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Grammatical Gender and Politics: A Comparison of French and English in Political Discourse

Zhang et al. | Jul 07, 2021

Grammatical Gender and Politics: A Comparison of French and English in Political Discourse

Grammatical gender systems are prevalent across many languages, and when comparing French and English the existence of this system becomes a strong distinction. There have been studies that attribute assigned grammatical gender with the ability to influence conceptualization (attributing gender attributes) of all nouns, thus affecting people's thoughts on a grand scale. We hypothesized that due to the influence of a grammatical gender system, French political discourse would have a large difference between the number of masculine and feminine nouns used. Specifically, we predicted there would be a larger ratio of feminine to masculine nouns in French political discourse than in non-political discourse when compared to English discourse. Through linguistic analysis of gendered nouns in French political writing, we found that there is a clear difference between the number of feminine versus masculine nouns, signaling a preference for a more “effeminate” language.

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Using data science along with machine learning to determine the ARIMA model’s ability to adjust to irregularities in the dataset

Choudhary et al. | Jul 26, 2021

Using data science along with machine learning to determine the ARIMA model’s ability to adjust to irregularities in the dataset

Auto-Regressive Integrated Moving Average (ARIMA) models are known for their influence and application on time series data. This statistical analysis model uses time series data to depict future trends or values: a key contributor to crime mapping algorithms. However, the models may not function to their true potential when analyzing data with many different patterns. In order to determine the potential of ARIMA models, our research will test the model on irregularities in the data. Our team hypothesizes that the ARIMA model will be able to adapt to the different irregularities in the data that do not correspond to a certain trend or pattern. Using crime theft data and an ARIMA model, we determined the results of the ARIMA model’s forecast and how the accuracy differed on different days with irregularities in crime.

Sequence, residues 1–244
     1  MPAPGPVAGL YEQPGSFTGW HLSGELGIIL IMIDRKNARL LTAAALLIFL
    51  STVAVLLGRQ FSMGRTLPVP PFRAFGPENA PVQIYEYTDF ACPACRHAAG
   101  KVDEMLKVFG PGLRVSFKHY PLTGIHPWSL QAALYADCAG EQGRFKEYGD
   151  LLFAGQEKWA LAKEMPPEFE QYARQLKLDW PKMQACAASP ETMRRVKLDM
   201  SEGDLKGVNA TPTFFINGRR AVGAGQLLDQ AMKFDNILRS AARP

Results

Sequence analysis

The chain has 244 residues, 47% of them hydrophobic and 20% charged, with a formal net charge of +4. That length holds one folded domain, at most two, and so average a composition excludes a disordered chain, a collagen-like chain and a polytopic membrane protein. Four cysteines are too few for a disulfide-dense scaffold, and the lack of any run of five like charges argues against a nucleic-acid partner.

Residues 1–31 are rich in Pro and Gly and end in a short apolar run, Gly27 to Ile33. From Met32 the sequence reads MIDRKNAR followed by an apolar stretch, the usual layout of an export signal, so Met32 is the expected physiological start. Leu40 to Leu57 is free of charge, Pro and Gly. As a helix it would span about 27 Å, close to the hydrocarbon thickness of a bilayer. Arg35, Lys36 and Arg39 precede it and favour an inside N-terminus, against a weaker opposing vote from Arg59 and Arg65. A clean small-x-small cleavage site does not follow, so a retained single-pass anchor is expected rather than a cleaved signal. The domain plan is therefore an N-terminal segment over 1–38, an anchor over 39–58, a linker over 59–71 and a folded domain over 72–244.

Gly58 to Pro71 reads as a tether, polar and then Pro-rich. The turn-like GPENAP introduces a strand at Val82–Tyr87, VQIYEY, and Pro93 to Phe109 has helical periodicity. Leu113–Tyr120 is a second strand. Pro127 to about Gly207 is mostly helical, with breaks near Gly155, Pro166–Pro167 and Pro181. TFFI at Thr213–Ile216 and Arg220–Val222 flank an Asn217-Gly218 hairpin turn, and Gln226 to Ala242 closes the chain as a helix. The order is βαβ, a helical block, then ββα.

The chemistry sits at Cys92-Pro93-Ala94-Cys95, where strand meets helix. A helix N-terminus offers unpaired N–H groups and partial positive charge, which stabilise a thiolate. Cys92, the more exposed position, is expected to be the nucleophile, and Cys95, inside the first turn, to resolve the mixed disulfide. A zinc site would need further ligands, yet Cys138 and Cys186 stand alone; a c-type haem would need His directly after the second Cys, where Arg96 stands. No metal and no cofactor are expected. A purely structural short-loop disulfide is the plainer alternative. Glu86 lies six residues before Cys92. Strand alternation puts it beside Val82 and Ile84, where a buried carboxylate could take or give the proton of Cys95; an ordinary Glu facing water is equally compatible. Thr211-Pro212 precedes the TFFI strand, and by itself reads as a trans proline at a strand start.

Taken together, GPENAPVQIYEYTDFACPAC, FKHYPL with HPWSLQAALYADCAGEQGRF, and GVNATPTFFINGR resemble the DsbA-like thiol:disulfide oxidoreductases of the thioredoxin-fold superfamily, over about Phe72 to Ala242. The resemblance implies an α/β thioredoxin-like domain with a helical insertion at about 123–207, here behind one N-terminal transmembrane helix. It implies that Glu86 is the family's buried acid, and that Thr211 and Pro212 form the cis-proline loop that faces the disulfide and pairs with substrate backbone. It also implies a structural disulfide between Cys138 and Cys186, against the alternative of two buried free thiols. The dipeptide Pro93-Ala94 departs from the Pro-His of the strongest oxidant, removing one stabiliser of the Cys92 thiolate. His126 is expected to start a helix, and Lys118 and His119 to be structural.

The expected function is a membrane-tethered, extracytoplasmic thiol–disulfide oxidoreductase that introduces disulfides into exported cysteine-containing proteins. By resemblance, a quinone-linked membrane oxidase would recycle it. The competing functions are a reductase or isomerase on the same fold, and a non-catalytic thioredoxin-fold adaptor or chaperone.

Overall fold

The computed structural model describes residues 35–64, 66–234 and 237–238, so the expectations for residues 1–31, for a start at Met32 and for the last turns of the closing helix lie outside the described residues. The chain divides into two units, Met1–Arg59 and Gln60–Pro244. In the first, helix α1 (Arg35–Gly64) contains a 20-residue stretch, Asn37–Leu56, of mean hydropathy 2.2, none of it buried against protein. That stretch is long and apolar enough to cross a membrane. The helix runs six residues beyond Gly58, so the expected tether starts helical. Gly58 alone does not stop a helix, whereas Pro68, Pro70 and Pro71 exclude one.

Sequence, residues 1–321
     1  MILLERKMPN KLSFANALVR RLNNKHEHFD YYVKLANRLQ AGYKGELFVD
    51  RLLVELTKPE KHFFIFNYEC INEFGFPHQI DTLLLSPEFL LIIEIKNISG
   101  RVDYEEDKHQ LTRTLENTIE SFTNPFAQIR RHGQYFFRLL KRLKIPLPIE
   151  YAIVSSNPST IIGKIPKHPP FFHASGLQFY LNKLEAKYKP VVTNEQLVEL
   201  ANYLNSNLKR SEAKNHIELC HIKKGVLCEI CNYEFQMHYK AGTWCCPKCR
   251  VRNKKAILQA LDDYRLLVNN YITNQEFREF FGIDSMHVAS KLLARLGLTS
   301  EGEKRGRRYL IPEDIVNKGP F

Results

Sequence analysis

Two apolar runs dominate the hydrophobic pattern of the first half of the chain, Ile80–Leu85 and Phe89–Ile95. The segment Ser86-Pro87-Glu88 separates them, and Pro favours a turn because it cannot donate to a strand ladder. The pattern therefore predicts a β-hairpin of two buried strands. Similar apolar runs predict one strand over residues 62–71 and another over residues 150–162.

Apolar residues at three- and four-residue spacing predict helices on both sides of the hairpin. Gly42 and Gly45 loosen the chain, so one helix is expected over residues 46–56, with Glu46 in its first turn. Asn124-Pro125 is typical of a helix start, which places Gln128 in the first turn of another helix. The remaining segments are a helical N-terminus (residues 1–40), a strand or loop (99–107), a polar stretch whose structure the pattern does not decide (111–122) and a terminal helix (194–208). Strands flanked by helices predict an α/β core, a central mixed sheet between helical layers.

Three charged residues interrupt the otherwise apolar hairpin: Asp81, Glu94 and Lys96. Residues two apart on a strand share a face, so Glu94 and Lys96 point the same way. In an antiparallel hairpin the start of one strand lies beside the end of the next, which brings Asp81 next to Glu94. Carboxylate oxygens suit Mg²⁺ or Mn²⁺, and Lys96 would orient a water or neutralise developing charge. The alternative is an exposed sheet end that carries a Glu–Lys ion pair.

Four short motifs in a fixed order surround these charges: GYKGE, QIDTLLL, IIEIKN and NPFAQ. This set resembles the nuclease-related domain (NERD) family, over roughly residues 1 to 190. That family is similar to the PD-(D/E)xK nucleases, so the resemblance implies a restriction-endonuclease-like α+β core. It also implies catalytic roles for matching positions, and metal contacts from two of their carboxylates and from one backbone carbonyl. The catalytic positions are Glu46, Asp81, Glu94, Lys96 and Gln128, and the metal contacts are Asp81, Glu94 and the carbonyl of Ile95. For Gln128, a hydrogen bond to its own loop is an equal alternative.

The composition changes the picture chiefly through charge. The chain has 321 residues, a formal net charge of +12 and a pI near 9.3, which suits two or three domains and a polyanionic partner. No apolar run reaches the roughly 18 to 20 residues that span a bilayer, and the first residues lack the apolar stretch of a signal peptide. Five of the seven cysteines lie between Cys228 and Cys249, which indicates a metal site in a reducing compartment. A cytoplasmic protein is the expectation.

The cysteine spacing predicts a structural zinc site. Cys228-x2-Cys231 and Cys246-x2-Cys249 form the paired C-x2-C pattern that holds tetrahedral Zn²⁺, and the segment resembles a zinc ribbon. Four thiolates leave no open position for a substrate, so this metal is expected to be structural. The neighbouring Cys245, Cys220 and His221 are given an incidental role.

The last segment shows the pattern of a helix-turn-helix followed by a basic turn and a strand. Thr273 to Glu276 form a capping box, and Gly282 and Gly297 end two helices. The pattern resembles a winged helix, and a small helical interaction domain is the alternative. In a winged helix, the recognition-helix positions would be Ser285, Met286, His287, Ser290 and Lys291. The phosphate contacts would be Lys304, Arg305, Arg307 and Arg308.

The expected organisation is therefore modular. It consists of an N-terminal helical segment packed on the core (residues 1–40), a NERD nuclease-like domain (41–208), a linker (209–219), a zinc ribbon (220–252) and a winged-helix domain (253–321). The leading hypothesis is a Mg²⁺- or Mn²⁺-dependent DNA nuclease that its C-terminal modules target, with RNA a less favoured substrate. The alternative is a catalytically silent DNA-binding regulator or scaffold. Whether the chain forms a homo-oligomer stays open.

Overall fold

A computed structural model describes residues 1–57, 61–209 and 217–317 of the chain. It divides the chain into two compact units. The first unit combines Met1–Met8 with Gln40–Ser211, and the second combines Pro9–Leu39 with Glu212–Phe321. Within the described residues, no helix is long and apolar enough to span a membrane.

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Assessing Attitude Across Different Age Groups in Regard to Global Issues: Are Kids More Optimistic Than Adults?

Luck et al. | Jan 11, 2020

Assessing Attitude Across Different Age Groups in Regard to Global Issues: Are Kids More Optimistic Than Adults?

In this article the authors investigate whether there is a correlation between age of a person and their outlook on global issues such as technology, politics, and environment. They find a correlation between increased age and decreased optimism. However regardless of age, they find that respondents believe certain characteristics such as technology and willingness to change are essential for improvements.

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Population Forecasting by Population Growth Models based on MATLAB Simulation

Li et al. | Aug 31, 2020

Population Forecasting by Population Growth Models based on MATLAB Simulation

In this work, the authors investigate the accuracy with which two different population growth models can predict population growth over time. They apply the Malthusian law or Logistic law to US population from 1951 until 2019. To assess how closely the growth model fits actual population data, a least-squared curve fit was applied and revealed that the Logistic law of population growth resulted in smaller sum of squared residuals. These findings are important for ensuring optimal population growth models are implemented to data as population forecasting affects a country's economic and social structure.

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Sri Lankan Americans’ views on U.S. racial issues are influenced by pre-migrant ethnic prejudice and identity

Gunawardena et al. | Apr 18, 2022

Sri Lankan Americans’ views on U.S. racial issues are influenced by pre-migrant ethnic prejudice and identity